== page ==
Ok she’s a lead guitarist!

“We can’t take it so seriously,” says Anton Yelchin, the bands bassist Pat points out. So comedic value? No! It’s as scary as most films go.  He is in the midst of this very bad situation looking for deflection techniques and he and the others come up with some of the bat stupid ideas they quickly discard.  How to deal with the situation is the making of the story.
It’s only pretend but it’s also Shakespeares drama and gore rolled up in a ball of in your face violent action and mayhem. Deliverance has been mentioned, Assualt on Precinct 13 will appear as mentions in many reviews.  The club owner of familiar menace is no other than Mr Star Trek himself, the brilliant actor, Patrick Stewart showing how despite his familiarity to us all shows amazing versatility only top class actors can delivery.  Hubris, depth, along with assured claustrophobic driven direction of sitting on the shoulders of the protagonists gives the heft and heave of chiller thriller of the filmatic tundra the direction brings.

img_2180Superb portrayal of an angsty modern 21st punk.

The programme of QFT said of the violence, ‘ .. technique .. : allowing the horror to manifest itself in the mind of the viewer as much as it plays out on the screen.’   Well if only that were true and we had less visual gore and front on full graphic violence.  The act of showing these acts became gratuitous and despite the refinement of light, claustrophobic rooms, The Green Room of the title in particular complete with the sliding bolts, was gruesome beyond acceptable cinematic value.  It screwed the picture up to make it have appeal to a particular audience who say ‘your never going to believe this, this is awesome in your face violence and seldom do you get an 18 these days so you’ve got to see it – face jaw dropped – exclamation mark.’ That’s as purine a piece of marketing film choices as befits box office before film making. Neither mutually exclusive. Young hopelessly out of their depth the young band are in a dangerous place and their dilemma is brilliantly cast and portrayed with grimacing tight teeth clenching edge of the set reactions from yours truly. I’ve not gone soft and I see the fact of film making enabling the tension it is inconceivable to rationalise, with suspenseful (literally) direction of a strong narrative at pace. Son of Saul recently opened and the writhing in agony of asphyxiation was plain to anyone with imagination. No visual content was expatiated. It did not intimidate you into constructing a fierce distaste and more importantly the means to speak openly and forcefully against all forms of violence.  Its depiction therefore illuminating lay of contrast. Need necessity are as matters of loss  of a single life whaatever the extremes of removal of the liberty of life and have a stark equality.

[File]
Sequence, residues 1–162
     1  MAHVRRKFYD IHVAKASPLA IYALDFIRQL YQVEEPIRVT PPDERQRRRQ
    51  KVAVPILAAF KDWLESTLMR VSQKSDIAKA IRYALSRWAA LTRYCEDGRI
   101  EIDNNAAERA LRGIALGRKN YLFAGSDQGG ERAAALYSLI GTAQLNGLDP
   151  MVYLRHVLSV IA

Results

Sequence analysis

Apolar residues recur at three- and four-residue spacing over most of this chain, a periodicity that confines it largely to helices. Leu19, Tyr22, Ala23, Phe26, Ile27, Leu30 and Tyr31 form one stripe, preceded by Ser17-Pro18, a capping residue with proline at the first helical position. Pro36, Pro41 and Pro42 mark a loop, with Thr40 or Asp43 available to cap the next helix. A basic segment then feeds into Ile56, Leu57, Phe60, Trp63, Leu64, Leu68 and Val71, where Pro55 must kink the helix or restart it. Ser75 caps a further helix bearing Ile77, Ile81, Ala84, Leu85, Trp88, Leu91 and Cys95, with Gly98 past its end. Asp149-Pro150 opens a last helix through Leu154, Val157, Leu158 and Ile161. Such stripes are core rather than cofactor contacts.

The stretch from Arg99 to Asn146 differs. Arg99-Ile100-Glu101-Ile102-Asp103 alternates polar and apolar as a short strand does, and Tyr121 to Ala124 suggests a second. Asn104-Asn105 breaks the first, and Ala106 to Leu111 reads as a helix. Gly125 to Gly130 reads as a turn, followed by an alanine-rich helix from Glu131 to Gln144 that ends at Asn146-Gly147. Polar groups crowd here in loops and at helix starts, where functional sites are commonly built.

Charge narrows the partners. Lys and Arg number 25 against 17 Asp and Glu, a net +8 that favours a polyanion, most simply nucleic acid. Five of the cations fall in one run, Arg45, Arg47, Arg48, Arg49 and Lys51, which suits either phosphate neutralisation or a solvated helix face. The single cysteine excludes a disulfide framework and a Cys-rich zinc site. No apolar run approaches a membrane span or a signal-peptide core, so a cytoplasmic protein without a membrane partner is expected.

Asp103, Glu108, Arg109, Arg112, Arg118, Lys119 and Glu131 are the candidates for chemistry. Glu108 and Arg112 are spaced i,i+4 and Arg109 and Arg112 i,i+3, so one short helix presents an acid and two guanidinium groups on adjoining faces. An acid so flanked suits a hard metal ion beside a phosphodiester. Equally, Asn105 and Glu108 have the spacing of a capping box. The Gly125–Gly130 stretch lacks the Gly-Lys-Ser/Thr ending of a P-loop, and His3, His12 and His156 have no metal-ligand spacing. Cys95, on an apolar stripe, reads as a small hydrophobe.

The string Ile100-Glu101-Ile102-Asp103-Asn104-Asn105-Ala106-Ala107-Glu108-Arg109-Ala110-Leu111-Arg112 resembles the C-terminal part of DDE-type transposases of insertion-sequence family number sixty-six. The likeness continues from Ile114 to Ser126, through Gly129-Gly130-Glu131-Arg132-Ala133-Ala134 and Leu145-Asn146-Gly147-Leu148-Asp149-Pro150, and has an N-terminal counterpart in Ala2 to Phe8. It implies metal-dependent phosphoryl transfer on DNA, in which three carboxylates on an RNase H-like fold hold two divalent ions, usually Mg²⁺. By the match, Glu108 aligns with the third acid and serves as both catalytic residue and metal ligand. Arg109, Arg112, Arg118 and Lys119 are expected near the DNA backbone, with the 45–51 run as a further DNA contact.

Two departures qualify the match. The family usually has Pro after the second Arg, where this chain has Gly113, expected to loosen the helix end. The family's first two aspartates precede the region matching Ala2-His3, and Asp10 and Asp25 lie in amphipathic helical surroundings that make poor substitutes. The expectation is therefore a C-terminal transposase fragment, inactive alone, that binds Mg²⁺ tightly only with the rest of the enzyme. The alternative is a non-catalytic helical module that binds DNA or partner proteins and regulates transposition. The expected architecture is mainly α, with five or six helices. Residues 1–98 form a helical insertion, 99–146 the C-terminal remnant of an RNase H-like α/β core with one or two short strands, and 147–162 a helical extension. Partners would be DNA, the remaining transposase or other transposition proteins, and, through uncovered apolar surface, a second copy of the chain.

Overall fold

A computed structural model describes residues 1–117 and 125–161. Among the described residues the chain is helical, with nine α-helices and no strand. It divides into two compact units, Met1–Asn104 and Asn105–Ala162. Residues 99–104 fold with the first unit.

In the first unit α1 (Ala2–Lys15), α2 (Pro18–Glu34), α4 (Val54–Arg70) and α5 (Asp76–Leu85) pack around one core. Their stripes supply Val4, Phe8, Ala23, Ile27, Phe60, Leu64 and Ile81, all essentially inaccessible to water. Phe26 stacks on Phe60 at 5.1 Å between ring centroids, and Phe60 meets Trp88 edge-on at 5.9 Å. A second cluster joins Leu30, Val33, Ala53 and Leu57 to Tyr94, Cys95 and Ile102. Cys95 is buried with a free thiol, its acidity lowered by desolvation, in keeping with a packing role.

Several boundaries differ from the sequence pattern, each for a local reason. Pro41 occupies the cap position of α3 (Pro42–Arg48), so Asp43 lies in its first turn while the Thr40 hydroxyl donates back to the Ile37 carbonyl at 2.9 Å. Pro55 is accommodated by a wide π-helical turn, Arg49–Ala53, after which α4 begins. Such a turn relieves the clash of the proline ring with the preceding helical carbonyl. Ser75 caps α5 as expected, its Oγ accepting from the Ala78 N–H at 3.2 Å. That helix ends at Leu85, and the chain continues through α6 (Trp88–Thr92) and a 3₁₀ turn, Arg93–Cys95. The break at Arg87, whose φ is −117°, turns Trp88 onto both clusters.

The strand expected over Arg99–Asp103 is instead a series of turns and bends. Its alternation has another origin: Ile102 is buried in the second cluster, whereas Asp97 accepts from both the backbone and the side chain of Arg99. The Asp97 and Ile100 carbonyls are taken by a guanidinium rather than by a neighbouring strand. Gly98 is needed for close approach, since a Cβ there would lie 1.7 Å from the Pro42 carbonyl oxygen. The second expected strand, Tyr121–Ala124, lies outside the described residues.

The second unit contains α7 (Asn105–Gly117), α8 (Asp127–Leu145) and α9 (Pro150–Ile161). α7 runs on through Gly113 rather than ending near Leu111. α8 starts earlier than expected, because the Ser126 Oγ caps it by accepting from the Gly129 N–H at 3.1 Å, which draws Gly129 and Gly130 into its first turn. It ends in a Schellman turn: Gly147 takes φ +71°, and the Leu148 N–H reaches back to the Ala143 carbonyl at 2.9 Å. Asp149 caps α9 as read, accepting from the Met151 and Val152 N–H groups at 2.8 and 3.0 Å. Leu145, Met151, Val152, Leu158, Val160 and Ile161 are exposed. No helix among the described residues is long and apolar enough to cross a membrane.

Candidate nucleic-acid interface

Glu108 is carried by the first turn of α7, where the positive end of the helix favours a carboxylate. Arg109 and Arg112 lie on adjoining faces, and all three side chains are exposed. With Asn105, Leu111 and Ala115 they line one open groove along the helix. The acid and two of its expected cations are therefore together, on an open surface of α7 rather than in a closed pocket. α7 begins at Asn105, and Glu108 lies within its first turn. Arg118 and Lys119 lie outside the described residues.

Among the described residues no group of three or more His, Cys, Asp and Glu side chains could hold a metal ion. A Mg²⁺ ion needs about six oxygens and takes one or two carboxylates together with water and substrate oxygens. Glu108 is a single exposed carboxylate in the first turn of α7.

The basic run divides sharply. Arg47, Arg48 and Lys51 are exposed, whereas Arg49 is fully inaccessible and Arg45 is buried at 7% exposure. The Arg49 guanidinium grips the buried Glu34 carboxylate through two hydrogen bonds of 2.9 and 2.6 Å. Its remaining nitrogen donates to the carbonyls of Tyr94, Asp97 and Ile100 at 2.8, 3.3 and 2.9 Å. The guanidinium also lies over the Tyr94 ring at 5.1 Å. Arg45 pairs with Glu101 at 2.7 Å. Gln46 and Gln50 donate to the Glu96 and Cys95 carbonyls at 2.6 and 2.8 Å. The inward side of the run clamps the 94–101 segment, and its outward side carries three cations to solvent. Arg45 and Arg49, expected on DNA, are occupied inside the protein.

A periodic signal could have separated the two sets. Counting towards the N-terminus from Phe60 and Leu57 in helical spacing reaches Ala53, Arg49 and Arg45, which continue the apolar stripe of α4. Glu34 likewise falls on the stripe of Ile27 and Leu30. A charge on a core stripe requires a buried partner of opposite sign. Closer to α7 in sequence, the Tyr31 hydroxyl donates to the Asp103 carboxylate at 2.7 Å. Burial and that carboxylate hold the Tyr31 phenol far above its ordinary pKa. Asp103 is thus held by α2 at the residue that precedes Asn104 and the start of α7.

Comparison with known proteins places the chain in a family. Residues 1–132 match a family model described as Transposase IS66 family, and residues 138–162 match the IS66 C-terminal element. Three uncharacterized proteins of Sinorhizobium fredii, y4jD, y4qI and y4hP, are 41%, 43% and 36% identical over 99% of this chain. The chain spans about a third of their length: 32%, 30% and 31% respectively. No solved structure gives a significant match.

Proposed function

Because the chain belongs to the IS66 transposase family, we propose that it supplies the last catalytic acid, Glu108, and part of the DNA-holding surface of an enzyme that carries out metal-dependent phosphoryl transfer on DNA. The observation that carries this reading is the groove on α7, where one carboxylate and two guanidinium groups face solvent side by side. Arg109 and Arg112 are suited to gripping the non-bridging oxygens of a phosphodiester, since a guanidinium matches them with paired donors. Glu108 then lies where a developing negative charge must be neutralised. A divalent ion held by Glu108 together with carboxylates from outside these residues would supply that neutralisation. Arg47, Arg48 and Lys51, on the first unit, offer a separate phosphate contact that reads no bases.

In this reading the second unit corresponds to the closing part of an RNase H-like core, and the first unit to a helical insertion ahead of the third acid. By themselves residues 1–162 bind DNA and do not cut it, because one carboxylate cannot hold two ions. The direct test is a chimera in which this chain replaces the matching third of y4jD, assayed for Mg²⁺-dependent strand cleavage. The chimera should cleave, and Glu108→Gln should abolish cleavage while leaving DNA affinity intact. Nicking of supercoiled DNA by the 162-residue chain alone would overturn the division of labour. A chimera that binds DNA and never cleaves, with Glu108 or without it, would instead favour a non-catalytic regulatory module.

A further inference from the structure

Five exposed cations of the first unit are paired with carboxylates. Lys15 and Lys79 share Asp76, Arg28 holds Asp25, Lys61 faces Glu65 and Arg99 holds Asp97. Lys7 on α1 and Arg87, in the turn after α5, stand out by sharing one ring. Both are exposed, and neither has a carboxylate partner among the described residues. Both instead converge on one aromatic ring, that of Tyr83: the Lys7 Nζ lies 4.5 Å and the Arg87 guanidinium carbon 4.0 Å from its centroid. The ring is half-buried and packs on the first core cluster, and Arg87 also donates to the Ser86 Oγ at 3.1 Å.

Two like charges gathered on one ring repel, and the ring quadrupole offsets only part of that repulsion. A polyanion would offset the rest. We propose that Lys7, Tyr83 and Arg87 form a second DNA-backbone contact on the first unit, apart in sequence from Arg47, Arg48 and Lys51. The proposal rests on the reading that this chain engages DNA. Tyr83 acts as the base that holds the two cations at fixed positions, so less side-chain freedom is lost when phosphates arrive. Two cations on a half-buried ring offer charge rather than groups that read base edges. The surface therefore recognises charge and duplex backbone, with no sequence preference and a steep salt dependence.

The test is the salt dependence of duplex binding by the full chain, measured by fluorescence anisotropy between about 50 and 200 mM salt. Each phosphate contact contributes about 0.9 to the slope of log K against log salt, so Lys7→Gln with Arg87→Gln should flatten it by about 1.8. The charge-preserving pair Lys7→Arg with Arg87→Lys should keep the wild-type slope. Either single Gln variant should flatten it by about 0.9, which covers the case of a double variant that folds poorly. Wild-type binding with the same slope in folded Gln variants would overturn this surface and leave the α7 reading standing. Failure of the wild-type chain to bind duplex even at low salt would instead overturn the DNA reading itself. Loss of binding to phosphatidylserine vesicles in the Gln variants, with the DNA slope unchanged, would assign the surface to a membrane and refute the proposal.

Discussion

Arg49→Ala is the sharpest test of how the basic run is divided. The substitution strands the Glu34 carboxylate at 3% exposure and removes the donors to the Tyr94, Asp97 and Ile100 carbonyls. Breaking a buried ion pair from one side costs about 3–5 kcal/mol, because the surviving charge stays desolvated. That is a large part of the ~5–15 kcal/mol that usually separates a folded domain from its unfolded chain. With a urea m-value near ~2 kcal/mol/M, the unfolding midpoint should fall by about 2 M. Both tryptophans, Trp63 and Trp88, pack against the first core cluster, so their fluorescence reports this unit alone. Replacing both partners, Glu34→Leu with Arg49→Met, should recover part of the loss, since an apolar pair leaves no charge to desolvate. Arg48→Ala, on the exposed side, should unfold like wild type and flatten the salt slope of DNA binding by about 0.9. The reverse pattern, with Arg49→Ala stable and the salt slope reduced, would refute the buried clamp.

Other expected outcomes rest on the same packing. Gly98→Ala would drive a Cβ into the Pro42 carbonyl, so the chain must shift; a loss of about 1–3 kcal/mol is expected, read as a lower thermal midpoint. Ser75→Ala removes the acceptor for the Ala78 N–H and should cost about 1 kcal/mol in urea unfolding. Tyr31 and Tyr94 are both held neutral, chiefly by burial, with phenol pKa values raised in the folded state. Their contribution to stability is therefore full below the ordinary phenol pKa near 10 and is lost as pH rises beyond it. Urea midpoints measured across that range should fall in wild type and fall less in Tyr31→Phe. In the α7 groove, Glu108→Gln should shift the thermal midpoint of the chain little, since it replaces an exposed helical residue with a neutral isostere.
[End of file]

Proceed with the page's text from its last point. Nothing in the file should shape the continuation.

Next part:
Conclusion ###3 

Despite the ‘prejudice’ against movies purely out to shock and gain an audience this film is well made and full of suspense. Some Directors like Wes Craven like their screen violence and say it is morally fine as it is …etc.  Cinema and the punters are more discerning. It overdoes it as far as violence is concerned and maybe to make a point about the state the good old US of A has become or may become.  It anesthestises youth and conspirators as being the power cult hero of psychology analysis. It shows a set of young people aspiring for better things caught up in a tundra beyond their school grades. The performances are collectively very convincing with special character playing managed as a singular lone star spirit by Imogen Poots.  At times deranged at others constructive, intelligent and stoic. As for Patrick Stewart, his performance is no more than effective with some accent problems, is it American? is it English? and a physically strong presence, thoroughly believable but somewhat restrained as though depicting his role as a Nazi sympathiser being a considered level headed dude.  Being level headed is his form of survival.  As the events run out of control he has to be the wise guy coming up with alternative solutions which he does, though some are far fetched, such as the final fix. So that’s another imperfect crime scene for CSI to unweaned.

John Graham

19 May 2016


To be screened at QFT Befast from this Friday 20 May through to and including 26 May 2016.